- Peppermint Linux was the next to go. Its memory and disk consumption rose dramatically once I started installing the basic packages such as LibreOffice, GIMP, InkScape etc. The rather thick and italicized fonts also were less than optimal for daily usage. Driver support and performance of Wi-Fi networks was also better in Linux Lite.
- Linux Lite won in the end because it simply outperformed all other distributions (event Ubuntu) in every department. User Interface, Application performance, Hardware performance – everything was great. There was one field where Ubuntu was superior: When playing Full-HD movies using VLC, there was a noticeable flicker (like slow refresh) in Linux Lite. The movie playback on Ubuntu on the other hand was quite smooth (though still not as smooth as Windows).
In the end, on computers without valid Windows OS license, I strongly recommend Linux Lite as ideal.
Am I against Microsoft and a die-hard Linux evangelist? Certainly not.
- I am an advocate of using the right tools for the job. If you need to work extensively with Images-Audio-Video, Windows is an ideal platform (Mac OS is an excellent platform too; it is based on Unix).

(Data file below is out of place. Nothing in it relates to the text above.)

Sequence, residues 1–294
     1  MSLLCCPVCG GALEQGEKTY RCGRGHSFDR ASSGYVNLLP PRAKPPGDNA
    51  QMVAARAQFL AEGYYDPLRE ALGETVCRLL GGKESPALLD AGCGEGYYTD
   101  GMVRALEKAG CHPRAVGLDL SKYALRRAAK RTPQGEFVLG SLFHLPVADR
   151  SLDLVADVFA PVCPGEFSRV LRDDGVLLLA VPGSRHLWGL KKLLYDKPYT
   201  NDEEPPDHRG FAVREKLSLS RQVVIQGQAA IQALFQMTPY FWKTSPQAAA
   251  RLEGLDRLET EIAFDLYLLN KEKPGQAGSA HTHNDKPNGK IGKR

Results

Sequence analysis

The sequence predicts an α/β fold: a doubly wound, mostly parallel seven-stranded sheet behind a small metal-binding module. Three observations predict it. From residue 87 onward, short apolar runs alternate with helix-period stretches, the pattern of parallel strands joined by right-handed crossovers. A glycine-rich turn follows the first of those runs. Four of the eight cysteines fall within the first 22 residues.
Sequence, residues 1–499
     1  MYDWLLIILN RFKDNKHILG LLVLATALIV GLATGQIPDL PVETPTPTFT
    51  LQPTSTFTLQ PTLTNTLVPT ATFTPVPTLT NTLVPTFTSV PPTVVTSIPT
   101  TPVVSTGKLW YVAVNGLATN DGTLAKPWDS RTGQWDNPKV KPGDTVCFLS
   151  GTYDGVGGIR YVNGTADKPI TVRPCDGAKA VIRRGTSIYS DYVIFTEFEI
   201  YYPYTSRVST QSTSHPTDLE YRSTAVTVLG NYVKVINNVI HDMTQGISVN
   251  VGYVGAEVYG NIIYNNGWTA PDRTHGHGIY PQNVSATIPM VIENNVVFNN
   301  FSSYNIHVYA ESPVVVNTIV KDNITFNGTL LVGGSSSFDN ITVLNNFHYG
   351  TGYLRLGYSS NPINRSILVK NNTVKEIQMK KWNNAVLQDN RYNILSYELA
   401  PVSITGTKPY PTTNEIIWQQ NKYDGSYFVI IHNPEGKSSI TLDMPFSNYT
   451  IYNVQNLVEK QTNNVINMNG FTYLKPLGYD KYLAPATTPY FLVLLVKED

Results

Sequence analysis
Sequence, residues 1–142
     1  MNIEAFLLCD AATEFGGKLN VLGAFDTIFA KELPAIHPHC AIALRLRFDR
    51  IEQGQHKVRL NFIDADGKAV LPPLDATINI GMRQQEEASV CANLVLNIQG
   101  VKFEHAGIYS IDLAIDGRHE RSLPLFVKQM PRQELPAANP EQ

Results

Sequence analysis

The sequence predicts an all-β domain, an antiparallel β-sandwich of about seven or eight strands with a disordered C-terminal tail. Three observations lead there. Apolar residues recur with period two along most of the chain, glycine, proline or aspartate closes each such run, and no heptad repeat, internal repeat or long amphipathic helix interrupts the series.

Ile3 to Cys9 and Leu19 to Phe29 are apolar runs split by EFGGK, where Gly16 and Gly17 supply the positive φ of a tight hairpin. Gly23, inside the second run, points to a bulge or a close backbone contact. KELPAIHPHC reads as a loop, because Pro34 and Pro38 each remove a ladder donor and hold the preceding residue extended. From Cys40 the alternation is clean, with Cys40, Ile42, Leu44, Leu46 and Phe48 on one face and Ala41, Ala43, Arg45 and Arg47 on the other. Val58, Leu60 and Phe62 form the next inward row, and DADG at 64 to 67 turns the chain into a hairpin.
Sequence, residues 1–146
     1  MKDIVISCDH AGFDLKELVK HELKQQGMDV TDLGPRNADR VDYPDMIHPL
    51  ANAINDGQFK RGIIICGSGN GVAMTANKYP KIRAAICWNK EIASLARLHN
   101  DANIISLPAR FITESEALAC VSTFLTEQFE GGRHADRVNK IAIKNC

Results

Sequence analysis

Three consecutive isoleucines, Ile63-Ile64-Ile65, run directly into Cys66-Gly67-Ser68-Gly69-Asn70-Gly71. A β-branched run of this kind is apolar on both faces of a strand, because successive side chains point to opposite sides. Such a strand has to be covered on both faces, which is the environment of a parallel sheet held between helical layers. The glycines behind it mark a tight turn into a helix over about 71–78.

- If you need to use software that is available on Windows only, then you should opt for Windows without further ado.
- If you need to work esoteric hardware for which only Windows device drivers are available, then Windows is your only option.
- Older versions of Windows (XP, 7) work very well without making a nuisance of themselves. Hopefully Microsoft will stop mucking around with Windows 10 and allow it to stabilize and be adopted by users.
IMHO, what Microsoft is doing wrong is spending huge amounts of time and money on incorporating features in their operating system which are mostly useless for it’s users. Clearly Microsoft product managers don’t use these features or else they would discover a very loud office with everyone talking to their computers incessantly and really dirty LCD displays with everyone touching their monitors all the time.
Microsoft is venting it’s frustration of it’s falling bottom-line by increasing prices of it’s OS in a world where no-one is charging for the OS anymore. Users are venting their frustration by moving away from Microsoft’s offerings in favour of other “less-capable” systems but less evil systems.
If you are on the lookout for a less evil system, be sure to give Ubuntu and it’s derivative OSes a fair trial. The road might by rocky, but eventually you will figure it out.